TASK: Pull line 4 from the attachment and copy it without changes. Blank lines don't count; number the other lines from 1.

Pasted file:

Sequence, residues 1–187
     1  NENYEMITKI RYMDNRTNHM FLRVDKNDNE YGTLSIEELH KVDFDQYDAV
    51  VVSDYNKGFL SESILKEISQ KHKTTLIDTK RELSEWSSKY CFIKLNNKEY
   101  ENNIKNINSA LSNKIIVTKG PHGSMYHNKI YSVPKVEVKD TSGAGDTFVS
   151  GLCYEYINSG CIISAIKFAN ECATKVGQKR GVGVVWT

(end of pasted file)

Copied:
   101  ENNIKNINSA LSNKIIVTKG PHGSMYHNKI YSVPKVEVKD TSGAGDTFVS